By Florence Sessoms
In Part 1 of this series, we discussed how false spring events affect turfgrass species. For the field experiment of this same project, we selected 32 cultivars of tall fescue, 6 cultivars of fine fescue species, 1 cultivar of Kentucky bluegrass, and 1 cultivar of perennial ryegrass. Cultivar selection was based on cultivar seed availability. Plots were seeded on September 8, 2021 so that the plots were established prior to the onset of winter. The experimental area consisted of 9 blocks, and within each block each cultivar was seeded in three replications; this allowed us to assign 3 blocks to each of the 3 treatments we wanted to compare: (1) no false spring (2) false spring of 3 days (3) false spring of 7 days. To create a false spring treatments, we artificially increased the temperature by tenting the plot area and using portable heaters to increase the temperature under the tent; we also maintained light availability by removing snow from the plots. This would then be followed by removing the tents and allowing the plot area to experience normal winter conditions--our hope was that the false spring would be followed by extremely low temperatures. Scheduling our “false spring” could not take place too early in the winter because (1) we needed to have a longer day length, and (2) the heater's ability to maintain a homogeneous temperature under the tent would be challenged if the air temperature was too low. We looked at the recent past temperature fluctuations (2019-2021) and mid-February seemed to be the appropriate time frame to start the experiment. The dehardening tents were placed on the selected plots (Figure 1) on Valentine’s Day for the 7 days treatment and 4 days later for the 3 days treatment. Snow cover was manually removed before the tents were built; two electric heaters were placed in the opposite direction to increase the air temperature.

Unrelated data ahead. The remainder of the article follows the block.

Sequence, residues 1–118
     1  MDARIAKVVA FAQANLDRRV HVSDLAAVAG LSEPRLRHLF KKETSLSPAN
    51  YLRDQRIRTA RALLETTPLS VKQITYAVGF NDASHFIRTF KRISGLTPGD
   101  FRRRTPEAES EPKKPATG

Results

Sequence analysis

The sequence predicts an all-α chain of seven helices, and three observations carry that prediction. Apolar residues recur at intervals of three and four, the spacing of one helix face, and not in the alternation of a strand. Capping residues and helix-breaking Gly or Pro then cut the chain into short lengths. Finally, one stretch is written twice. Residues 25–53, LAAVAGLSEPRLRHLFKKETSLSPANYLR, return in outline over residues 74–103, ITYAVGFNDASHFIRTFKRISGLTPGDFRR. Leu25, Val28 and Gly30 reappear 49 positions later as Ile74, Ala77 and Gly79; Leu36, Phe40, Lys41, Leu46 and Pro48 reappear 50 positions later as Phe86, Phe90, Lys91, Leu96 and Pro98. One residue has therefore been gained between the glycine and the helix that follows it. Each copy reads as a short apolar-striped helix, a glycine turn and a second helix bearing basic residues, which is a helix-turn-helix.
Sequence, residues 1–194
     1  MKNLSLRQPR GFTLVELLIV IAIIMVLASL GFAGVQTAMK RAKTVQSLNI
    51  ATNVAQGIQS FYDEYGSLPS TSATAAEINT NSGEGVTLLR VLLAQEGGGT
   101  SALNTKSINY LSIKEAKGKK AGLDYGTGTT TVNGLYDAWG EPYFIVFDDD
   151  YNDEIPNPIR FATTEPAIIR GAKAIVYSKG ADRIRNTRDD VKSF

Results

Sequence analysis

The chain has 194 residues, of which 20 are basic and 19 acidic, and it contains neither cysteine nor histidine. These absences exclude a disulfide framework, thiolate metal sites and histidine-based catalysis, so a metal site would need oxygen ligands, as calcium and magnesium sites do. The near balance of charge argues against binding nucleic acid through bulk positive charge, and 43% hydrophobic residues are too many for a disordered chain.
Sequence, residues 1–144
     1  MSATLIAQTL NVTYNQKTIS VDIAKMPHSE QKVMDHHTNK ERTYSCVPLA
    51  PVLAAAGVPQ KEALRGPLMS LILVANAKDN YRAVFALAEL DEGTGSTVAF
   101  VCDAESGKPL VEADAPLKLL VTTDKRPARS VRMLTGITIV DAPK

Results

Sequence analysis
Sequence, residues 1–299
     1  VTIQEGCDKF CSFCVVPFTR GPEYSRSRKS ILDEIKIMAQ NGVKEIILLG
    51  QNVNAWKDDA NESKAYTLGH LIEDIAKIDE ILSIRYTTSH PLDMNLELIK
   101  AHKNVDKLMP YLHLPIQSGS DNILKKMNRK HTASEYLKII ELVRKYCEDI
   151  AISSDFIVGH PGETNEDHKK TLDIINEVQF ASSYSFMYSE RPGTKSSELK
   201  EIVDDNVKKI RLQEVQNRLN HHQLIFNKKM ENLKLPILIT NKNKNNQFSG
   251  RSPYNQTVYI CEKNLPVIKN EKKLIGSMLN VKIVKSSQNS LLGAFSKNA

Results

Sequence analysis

The light intensity was measured on a sunny day and recorded 900 μmol m–2s–1 in full sun and 400 μmol m–2s–1 under the tent. The quality of the light will be assessed later in the spring, since our spectroradiometer has difficulties making light measurements in the cold. We placed temperature sensors in the middle of each treatment. Figure 2 shows the variation of temperatures for the 7 days and 3 days treatment under the tent and during the following freezing period.
During the early spring, we will take spring green up data, turf quality and digital images for the evaluation of the percentage of green cover. We will carefully monitor the weather conditions to take the appropriate data before a potential freezing event in late March and April.
I would like to thank the seed companies that generously provided the tall fescue cultivars.